Monday, April 30, 2018 12:00 PM to 2:00 PM
Johnson Center, Meeting Room G
Raissa von Doetinchem de Rande (Princeton University)
“An Exceptional Sage and the Need for the Messenger: The Politics of Fiṭra in a 12th-Century Tale”
The Qurʾān claims God created all human beings upon the fiṭra (30:30), without specifying exactly what that means. Especially in the modern period, scholars and lay people alike have filled this concept with their manifold desires, seeking to anchor such ideas as natural law, human rights, or a primordial monotheism in the pre-modern tradition.
In this talk, I investigate the use of the term fiṭra (pl. fiṭar) at a very particular historical and intellectual point, namely in Ibn Ṭufayl’s (d. 1185) philosophical tale Ḥayy ibn Yaqẓān. I show that at a handful of crucial moments in the story, fiṭra appears in an unusual context: the intellectual capacity of human beings. Specifically, attention to fiṭra points us to an unbridgeable gulf between the few and the masses that affects their relation to human sociality and its religious and political establishment. While the claims of revealed religion and philosophy appear compatible in theory, the policy recommendation at the end of the tale is one of different paths lived out separately. Attention to fiṭra hence appears to illuminate why the author wrote his tale for the court. For through it we see Ibn Ṭufayl temper the threat of a nascent Aristotelian philosophy in Andalusia in two ways: by strongly affirming the masses´ need for the messenger and by reducing the philosopher’s revolutionary potential to nothing since he is both a hermit and a failed teacher.
Unlike prevalent conceptions of fiṭra as an egalitarian concept, its use in the context of a varying intellectual capacity in Ḥayy ibn Yaqẓān thus has surprising implications for the depoliticization of the esoteric philosopher and the importance of the qurʾānic message to society.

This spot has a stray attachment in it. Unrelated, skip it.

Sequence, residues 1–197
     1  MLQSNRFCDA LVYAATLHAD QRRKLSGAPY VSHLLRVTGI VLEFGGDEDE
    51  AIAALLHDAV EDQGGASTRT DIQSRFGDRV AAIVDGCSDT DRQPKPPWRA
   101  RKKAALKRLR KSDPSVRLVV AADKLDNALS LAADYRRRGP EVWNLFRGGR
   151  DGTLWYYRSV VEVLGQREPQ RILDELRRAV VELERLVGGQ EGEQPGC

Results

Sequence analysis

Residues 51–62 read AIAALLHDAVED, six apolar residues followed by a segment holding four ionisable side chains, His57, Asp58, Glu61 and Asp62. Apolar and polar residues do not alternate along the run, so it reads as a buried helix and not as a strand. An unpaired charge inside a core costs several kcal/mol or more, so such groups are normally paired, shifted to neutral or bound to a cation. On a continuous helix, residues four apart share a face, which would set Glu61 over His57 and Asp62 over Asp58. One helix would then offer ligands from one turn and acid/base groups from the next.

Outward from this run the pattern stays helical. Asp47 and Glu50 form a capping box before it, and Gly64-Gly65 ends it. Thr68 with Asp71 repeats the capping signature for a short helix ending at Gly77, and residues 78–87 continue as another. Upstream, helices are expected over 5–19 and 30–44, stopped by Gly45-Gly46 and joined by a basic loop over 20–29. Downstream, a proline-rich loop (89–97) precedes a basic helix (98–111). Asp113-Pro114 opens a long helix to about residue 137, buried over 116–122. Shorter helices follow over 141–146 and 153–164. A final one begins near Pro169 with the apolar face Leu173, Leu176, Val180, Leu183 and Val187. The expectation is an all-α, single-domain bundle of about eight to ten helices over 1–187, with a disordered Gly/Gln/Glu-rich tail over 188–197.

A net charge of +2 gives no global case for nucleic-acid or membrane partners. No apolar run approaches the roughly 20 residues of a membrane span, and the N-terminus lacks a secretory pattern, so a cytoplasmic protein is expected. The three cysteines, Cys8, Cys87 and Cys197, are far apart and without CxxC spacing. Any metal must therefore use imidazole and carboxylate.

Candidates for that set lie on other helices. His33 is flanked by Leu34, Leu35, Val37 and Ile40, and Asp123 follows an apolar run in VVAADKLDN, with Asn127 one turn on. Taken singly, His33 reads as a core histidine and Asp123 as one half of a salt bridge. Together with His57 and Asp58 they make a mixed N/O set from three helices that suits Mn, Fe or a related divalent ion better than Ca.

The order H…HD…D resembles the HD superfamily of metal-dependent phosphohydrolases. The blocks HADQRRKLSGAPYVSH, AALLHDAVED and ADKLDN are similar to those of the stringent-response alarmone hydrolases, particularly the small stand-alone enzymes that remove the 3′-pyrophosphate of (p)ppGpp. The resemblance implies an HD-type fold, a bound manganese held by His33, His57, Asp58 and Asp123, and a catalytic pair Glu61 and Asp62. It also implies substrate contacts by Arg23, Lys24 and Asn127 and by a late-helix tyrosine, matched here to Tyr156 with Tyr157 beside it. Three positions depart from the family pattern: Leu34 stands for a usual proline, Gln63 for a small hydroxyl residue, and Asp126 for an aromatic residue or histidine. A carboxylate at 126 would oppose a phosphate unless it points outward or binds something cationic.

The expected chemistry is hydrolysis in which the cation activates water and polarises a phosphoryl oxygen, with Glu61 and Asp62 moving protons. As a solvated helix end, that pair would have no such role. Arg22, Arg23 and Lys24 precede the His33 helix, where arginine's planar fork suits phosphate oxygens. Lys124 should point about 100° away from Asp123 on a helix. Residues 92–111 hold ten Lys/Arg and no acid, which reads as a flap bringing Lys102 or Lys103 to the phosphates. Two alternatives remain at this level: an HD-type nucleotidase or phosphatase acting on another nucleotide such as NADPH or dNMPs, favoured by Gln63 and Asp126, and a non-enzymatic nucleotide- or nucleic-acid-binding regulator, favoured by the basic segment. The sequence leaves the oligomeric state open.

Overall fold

Dr. Sami Erdem (Marmara University, Turkey)
“Perceptions of the Mecelle (Ottoman Civil Code) Through a Study of English Literature”
In this presentation, Dr. Sami Erdem will make a panoramic evaluation of works in the English literature about the Mecelle, the first civil code based on Islamic law promulgated during the later period of the Ottoman Empire. The presentation will look at the general characteristics of the perception of the Mecelle through examples from texts of the early period that contain comprehensive information about the Mecelle, specifically in the framework of the literature produced until the 1950s. Dr. Erdem will then compare the content of the Mecelle entry in the first and second editions of the Encyclopedia of Islam as two examples that reflect the development and change of the Mecelle interpretations in the literature.
Raissa von Doetinchem de Rande is a fourth year Ph.D. student in Princeton University's Religion Department. She obtained a B.A. in Theology from the University of Oxford in 2012, a M.A.R. in Ethics from Yale in 2014, and a M.A. in Religion from Princeton in 2017.
Her dissertation investigates the politics of fiṭra among central figures of Islamic intellectual history from al-Farābī to Ibn Taymiyya, as well as, the implications of their arguments for the broader study of Islamic ethics today. In 2017-2018 she was a visiting Ph.D. student at the Ali Vural Ak Center for Global Islamic Studies at George Mason University where she worked on the first chapter of her dissertation.
Sami Erdem is an Associate Professor in the Islamic Law department of Marmara University’s Faculty of Theology, Istanbul and is currently Senior Visiting Fellow at the Ali Vural Ak Center for Global Islamic Studies. During his time at the Center, Erdem will be completing his research on “Perceptions of the Mecelle (Ottoman Civil Code) Through a Study of English Literature” and begin working on a new research topic, "Conceptions of Ijtihad in Late Ottoman Legal Thought". While at the Center, Dr. Erdem led the planning and organization of the first graduate student colloquium on Middle Eastern and Islamic Studies co-sponsored with the Diyanet Islamic Research Institute in April 2017. His academic interests include late Ottoman law, Mecelle, codification of Islamic law in 19th and 20th centuries, caliphate, ijtihad and fatwa in modern times.